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Obstructive Sleep Apnea

Ask the Flight Surgeon / By CPT Albert J. Lee, MD: Q: I have sleep apnea. I use a breathing machine while sleeping. Why is it a disqualifying condition? What other treatments can pilots use? What medical documentation do I need for this physical and future physicals?

Soldiers, who are deployed, average just three hours of sleep a night. / DAVID VERGUN, ARMY.MIL

FS: Obstructive sleep apnea (OSA) is a condition where a person stops breathing or has difficulty breathing due to an obstruction of the airway during sleep. When breathing becomes inefficient or stops, the brain will send a signal to wake the person up. These events can occur several to many times each night resulting in fragmented and poor quality sleep. Unrestful nights can lead to daytime drowsiness which is particularly dangerous for driving and flying. Studies have shown motor vehicle accidents are two to three times more common among people with OSA compared to people without OSA. Also, people with mild to moderate OSA could have degradation in their performance equivalent to a 0.06-0.08% blood alcohol level, which would be illegal in most states if caused by alcohol consumption. The National Transportation Safety Board (NTSB) reported that pilots with OSA have a six-fold increase in the risk of having an aviation mishap and designated OSA as the “Most Wanted” medical risk factor to be mitigated in 2015.

Symptoms that are concerning for OSA include daytime drowsiness, fatigue, nonrestorative sleep, insomnia, or frequent awaking at night with breath holding, gasping or choking. Spouses or bed partners may also observe loud snoring or breathing interruptions during sleep. Certain medical conditions have also been associated with OSA including blood pressure, mood disorders, cognitive dysfunction, heart disease, stroke, congestive heart failure, atrial fibrillation and type 2 diabetes. If a patient reports these symptoms and/or has a history of these medical conditions, a diagnostic sleep study is usually indicated. An overnight polysomnogram, also known as a sleep study, is the most common and reliable method for diagnosing OSA. During the evaluation, the patient is observed sleeping in a specialized laboratory to monitor vital signs and other common indicators of sleep disorders. Home testing kits are also available for diagnosing OSA, however, they are not currently accepted for meeting waiver requirements. The report from the study will provide an important statistic called the apnea-hypopnea index or AHI. The AHI is the number of very shallow or absent breathing events per hour. This number is used to determine the severity of OSA. An AHI of 0-4 events per hour is considered normal. An AHI of 5-14 is considered mild, 15-29 moderate and 30 or greater severe.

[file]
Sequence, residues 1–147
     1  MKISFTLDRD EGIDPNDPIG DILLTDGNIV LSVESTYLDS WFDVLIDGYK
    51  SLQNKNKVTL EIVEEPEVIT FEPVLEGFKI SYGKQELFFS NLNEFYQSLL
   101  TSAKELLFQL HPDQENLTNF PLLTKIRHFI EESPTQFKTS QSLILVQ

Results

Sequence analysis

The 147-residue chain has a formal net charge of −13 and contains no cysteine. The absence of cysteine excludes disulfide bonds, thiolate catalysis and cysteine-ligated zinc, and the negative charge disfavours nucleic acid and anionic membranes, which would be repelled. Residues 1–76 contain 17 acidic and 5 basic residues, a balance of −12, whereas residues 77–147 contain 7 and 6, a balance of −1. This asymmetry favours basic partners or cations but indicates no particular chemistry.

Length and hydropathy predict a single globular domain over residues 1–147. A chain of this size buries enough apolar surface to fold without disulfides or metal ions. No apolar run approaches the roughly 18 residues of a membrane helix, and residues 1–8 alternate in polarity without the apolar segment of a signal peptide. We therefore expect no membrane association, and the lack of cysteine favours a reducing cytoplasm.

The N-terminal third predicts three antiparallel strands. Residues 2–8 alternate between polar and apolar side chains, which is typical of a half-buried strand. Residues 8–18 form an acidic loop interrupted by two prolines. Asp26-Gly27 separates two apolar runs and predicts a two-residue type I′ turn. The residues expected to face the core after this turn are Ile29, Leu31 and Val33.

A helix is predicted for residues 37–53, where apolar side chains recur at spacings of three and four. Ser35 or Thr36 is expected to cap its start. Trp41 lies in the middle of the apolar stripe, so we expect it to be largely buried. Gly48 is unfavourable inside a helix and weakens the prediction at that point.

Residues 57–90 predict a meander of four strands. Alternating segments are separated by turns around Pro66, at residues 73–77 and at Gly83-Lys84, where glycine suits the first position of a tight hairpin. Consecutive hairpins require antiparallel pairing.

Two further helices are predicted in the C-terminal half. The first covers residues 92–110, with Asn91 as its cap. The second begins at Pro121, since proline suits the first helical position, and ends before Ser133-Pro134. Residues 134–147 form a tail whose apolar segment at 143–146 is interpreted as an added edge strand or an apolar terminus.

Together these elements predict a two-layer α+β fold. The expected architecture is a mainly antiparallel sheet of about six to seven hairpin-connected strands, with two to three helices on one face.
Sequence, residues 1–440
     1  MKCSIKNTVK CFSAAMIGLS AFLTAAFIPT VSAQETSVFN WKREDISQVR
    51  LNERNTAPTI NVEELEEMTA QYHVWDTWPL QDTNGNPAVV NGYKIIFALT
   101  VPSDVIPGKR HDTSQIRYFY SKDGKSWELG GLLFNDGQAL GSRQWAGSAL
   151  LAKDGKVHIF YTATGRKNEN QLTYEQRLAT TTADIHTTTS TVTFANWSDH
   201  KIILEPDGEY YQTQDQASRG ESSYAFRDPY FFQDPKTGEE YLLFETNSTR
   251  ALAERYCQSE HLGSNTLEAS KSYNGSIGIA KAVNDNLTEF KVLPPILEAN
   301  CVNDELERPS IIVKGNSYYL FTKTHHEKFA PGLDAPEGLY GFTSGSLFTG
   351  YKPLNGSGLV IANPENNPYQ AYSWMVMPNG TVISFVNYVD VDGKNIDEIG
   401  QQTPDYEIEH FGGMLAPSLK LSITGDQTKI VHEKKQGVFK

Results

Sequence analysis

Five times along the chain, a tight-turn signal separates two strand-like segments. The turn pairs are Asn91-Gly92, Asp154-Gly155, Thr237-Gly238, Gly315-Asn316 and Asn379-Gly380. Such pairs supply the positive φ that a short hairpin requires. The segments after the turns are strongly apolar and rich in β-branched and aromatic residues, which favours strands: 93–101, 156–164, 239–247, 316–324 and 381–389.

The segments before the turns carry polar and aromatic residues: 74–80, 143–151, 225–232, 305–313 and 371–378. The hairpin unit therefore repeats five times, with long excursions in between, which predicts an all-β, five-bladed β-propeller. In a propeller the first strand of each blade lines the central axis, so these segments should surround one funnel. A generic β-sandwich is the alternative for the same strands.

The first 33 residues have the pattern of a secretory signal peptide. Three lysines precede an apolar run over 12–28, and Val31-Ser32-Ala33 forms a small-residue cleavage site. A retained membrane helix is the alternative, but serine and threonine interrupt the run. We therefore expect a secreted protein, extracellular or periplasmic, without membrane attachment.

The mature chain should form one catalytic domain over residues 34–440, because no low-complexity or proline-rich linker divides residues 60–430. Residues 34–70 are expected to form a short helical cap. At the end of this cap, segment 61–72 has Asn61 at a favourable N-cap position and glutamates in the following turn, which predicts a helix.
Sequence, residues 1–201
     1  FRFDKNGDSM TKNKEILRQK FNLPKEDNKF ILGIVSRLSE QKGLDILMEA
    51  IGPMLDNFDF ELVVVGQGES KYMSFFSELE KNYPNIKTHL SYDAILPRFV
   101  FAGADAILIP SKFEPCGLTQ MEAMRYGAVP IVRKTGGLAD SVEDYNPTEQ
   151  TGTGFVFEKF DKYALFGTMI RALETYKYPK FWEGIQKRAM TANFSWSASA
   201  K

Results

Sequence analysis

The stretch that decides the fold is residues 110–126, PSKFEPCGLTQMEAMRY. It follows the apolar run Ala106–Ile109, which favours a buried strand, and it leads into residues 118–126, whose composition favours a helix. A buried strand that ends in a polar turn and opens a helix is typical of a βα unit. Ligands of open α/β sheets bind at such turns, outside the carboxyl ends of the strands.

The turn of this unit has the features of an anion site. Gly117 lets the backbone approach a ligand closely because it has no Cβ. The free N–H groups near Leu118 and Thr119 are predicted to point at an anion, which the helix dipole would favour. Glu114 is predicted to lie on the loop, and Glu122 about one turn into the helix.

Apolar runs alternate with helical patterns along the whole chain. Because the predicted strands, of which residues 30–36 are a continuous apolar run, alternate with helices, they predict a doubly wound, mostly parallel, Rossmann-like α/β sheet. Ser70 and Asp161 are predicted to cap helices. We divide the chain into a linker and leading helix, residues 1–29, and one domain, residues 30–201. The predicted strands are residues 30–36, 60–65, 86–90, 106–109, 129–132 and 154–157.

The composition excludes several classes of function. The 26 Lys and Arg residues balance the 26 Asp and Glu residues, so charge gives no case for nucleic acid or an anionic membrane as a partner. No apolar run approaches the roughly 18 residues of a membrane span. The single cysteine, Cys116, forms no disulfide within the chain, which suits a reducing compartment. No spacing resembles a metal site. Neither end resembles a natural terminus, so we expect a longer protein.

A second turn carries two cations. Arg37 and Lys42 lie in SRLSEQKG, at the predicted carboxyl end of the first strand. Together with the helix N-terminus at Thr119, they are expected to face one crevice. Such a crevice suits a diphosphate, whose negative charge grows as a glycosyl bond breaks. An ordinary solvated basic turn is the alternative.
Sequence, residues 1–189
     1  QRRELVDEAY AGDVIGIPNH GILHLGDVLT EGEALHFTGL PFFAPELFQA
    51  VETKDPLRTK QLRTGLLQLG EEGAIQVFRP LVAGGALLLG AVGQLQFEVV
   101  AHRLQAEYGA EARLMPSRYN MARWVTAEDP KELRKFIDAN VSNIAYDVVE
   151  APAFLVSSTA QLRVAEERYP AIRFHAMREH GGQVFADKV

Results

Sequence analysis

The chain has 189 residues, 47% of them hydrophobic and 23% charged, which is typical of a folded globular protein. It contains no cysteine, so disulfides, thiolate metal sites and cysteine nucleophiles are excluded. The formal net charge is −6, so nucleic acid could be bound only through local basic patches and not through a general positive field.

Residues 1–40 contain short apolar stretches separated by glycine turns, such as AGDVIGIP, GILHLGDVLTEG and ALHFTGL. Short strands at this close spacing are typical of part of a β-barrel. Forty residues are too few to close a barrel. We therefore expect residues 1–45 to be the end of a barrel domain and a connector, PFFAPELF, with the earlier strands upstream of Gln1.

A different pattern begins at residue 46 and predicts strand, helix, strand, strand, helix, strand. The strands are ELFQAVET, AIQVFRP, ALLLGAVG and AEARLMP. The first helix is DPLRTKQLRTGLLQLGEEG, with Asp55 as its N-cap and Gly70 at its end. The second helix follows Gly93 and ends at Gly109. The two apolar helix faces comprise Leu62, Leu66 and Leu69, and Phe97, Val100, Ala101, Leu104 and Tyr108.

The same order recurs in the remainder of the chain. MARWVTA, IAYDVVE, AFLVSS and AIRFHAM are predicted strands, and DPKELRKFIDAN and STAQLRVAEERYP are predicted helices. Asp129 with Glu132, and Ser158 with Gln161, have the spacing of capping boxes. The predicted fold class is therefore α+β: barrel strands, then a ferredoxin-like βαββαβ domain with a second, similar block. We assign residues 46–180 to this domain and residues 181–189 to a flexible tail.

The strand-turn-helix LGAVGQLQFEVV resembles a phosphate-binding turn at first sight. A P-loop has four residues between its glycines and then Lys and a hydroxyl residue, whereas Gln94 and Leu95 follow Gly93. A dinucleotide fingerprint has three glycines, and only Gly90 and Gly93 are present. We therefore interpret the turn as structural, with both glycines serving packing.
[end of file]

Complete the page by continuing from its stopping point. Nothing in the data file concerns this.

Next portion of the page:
About 20-30% of males and 10-15% of females in North America have OSA. Several risk factors have been identified for OSA including age, gender, body habitus, anatomical abnormalities of the upper airway and smoking. The single most significant risk factor is obesity. A study of 1000 adult patients showed that 63% of obese males (Body Mass Index >30 kg/m2) and 22% of obese females had OSA.

What treatment options are available?
The cornerstone of OSA treatment is the combination of weight loss and nightly use of a continuous positive airway pressure (CPAP) machine. Weight loss can reduce airway obstruction and in many cases, resolve OSA alone. The CPAP machine uses continuous air pressure to prevent airway collapse during sleep and requires proper and consistent use each night to be effective in managing OSA. Other treatment options include surgery, an oral appliance, and hypoglossal nerve stimulation.

What do I need to do to continue flying?
OSA is a disqualifying medical condition that requires a waiver to continue flying. To be considered for a waiver, a crewmember must be successfully treated with any of the above methods and have a repeat sleep study showing an AHI of 5 or less. If the crewmember uses a CPAP machine, a compliance report is required to show more than 4 hours of nightly use on at least 80% of nights to qualify. The crewmember must also see a sleep medicine, pulmonary or ear, nose and throat (ENT) specialist every year to confirm that treatment is adequate. If an oral appliance is used, a repeat sleep study should be done every 4-5 years with the oral appliance to ensure continued adequate treatment.

OSA is a very manageable condition, and when treated adequately, most patients report a significant improvement in the quality of life due to more restful sleep. If you suspect that you might have sleep apnea, please see your local flight surgeon. Doc Lee

Questions?
If you have a question you would like addressed, email it to This email address is being protected from spambots. You need JavaScript enabled to view it.; we’ll try to address it in the future. See your unit flight surgeon for your personal health issues. The views and opinions offered are those of the author and researchers and should not be construed as an official Department of the Army position unless otherwise stated

CPT (Dr.) Albert Lee is a flight surgeon at the U.S. Army School of Aviation Medicine, Fort Rucker, AL.

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